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Tobacco Factories Open during the Reign of Abdul Hamid II

Tobacco Factories Open during the Reign of Abdul Hamid II

Tobacco entered Ottoman society in the 1600s. However, almost every Sultan showed considerable effort to block its spread. The measures they took against this substance, which has been shown by medical research to be highly toxic to human body, were necessary and rational. However, things changed when Abdul Hamid II took over. Since he was under intense pressure from the British deep state, he stopped the anti-tobacco measures. Many tobacco factories were opened during his reign. Before his reign, only small shops were producing tobacco, but as soon as the new factories were opened, tobacco use spread quickly. The increased consumption sped up the physical and spiritual breakdown of the Ottoman Empire, especially after the aforementioned mistakes made during Abdul Hamid II’s reign.

During his reign, the Cibali and Samsun tobacco factories were opened in 1884 and 1887 respectively. Samsun tobacco factory produced 60,000 kg of cigarettes and 400,000 kg of tobacco every year between 1887 and 1897. By 1905, the production capacity of the factory has reached one million kg. After a while, Izmir, Adana, Samsun and Istanbul became the most important tobacco production and processing centers.(SOURCE)

Instead of fighting to prevent the production and use of this substance, which is lethal for humans, which caused physical and spiritual degeneracy in Turkish youth and wasted away the energy of the nation, Abdul Hamid II continuously encouraged its use. He himself was a tobacco addict. This harmful habit of his is a well-known historical fact, confirmed by many accounts. So much so, his infamous smoking habit was known in even as far away as America. His favorite cigarette was the American ‘Ateshian‘. This prompted the company to use in its advertisements the slogan ‘The cigarret smoked by His Imperial Majesty Abdul Hamid II, Sultan of Turkey’.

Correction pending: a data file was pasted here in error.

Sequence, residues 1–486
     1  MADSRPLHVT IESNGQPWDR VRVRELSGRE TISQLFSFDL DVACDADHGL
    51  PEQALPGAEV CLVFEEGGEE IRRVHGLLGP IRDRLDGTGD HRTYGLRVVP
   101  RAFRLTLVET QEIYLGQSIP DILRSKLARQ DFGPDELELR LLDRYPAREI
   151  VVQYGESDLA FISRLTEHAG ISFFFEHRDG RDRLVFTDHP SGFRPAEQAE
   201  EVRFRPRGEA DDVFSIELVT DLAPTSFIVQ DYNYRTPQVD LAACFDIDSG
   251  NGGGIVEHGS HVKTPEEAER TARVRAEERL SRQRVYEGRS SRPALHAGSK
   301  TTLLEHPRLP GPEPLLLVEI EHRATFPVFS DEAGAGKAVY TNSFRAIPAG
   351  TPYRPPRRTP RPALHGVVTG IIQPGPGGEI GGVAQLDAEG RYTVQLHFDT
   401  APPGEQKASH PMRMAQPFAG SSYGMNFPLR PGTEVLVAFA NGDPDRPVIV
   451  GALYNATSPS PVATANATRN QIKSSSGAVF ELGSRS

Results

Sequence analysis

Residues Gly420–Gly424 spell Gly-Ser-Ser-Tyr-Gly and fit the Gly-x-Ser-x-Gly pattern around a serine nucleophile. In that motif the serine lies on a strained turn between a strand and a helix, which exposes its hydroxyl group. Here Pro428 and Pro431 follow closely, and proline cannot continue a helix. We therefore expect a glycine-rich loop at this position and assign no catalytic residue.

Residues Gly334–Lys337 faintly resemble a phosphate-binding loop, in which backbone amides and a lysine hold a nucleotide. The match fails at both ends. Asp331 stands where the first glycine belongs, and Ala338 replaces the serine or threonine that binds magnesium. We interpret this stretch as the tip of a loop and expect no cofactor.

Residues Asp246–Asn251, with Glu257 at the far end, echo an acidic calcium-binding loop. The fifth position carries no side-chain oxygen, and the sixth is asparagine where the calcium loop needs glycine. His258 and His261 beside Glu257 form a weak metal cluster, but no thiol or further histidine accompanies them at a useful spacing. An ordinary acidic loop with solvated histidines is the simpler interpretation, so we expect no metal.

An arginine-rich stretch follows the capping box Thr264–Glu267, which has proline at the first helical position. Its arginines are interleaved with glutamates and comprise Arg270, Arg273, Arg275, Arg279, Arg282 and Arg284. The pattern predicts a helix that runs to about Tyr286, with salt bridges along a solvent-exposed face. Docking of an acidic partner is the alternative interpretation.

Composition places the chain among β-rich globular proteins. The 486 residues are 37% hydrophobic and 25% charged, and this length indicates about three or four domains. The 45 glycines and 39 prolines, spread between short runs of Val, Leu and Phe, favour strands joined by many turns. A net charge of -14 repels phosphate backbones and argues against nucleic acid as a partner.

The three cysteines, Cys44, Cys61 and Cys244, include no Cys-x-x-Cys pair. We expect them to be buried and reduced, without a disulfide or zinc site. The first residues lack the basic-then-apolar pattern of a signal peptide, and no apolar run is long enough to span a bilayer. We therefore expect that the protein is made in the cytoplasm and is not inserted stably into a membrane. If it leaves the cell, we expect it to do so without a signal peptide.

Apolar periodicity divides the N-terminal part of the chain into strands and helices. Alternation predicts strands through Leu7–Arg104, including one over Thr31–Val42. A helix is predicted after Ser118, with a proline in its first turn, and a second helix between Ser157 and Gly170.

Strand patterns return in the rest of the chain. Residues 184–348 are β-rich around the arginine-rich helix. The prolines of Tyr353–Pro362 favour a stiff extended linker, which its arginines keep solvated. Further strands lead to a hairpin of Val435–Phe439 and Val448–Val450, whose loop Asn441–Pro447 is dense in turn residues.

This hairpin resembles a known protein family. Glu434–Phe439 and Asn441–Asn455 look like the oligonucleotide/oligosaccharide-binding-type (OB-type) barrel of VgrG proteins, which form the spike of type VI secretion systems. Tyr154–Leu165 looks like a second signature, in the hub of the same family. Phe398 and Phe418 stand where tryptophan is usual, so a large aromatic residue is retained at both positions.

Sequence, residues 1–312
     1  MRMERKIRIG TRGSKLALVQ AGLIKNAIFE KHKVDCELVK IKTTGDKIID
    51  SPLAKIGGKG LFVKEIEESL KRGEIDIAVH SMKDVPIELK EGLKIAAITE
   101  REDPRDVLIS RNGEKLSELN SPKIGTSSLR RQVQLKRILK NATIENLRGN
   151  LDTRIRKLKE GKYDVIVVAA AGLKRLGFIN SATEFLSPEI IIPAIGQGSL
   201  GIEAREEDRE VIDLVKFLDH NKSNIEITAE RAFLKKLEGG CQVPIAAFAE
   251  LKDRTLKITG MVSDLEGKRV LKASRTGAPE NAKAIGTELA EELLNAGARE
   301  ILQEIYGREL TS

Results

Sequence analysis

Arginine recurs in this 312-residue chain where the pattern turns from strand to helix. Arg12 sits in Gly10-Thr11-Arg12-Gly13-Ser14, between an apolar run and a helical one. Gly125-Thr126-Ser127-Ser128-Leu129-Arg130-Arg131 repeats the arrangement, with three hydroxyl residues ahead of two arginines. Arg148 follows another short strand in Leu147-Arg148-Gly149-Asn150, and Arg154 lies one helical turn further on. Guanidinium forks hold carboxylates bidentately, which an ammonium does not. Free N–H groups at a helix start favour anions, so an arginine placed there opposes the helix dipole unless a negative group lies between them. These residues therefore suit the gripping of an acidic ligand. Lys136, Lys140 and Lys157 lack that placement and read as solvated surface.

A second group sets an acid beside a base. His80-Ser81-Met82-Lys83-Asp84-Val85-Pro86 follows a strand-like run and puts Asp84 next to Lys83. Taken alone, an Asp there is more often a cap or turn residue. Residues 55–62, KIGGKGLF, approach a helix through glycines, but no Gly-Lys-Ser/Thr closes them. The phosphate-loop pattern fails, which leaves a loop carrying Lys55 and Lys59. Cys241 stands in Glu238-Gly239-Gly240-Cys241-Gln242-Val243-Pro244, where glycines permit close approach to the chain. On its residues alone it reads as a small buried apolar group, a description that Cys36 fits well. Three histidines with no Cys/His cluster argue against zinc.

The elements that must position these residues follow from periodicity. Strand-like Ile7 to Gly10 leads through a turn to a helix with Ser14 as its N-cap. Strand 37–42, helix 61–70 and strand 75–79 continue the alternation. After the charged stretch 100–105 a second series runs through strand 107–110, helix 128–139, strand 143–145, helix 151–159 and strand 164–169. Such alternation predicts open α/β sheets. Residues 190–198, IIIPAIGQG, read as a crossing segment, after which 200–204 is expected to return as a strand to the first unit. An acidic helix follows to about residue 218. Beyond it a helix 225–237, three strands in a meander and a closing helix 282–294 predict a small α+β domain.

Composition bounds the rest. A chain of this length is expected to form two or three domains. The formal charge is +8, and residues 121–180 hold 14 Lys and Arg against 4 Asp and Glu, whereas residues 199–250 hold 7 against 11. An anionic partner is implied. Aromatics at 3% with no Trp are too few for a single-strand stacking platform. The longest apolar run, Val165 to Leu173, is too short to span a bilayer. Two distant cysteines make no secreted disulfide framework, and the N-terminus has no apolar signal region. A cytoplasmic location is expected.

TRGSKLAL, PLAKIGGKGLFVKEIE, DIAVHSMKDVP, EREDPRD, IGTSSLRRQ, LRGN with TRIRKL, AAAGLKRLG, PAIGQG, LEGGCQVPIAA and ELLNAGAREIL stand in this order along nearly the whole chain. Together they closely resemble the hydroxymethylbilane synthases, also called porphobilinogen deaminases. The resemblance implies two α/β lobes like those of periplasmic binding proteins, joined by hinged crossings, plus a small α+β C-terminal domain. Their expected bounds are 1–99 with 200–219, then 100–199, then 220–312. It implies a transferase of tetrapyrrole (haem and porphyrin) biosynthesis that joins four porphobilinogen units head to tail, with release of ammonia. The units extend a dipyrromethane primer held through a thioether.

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İbrahim Peçevi, one of the most prominent chroniclers of the Ottoman Empire, explained how the British introduced tobacco to the Ottoman Empire in his two-volume book Tarih-i Peçevi (Peçevi’s History):

The British brought [tobacco] to the Ottoman Empire around 1900 [1600 in Gregorian calendar] and sold it with the claim that it could heal some ailments. Some pleasure-seeker friends became addicts. However, in time, even those people who weren’t pleasure-seekers started to consume it. Even many great scholars and statesmen got addicted to smoking… Coffee houses were thick with smoke because all the wasted people and womanizers were there chain-smoking. Even on the streets and marketplaces, they were smoking.(SOURCE)

As one can see, it was the British deep state that first introduced tobacco and spread its use in the Ottoman Empire. The members of the deep state made the people addicted to this poison with lies that it would help cure ailments. When the rule of Abdul Hamid II started, another step was made that would help the British deep state. Abdul Hamid II transferred the tobacco revenues to the ‘Régie Company’, owned by French and British for 30 years, starting in 1883. So, not only were tobacco factories were opened to produce products that would poison Turkish people, the profit from the poison sold went to the British deep state. Again in his reign, the Régie Company was allowed to have its own armed guards, who heavily oppressed the Turkish people.


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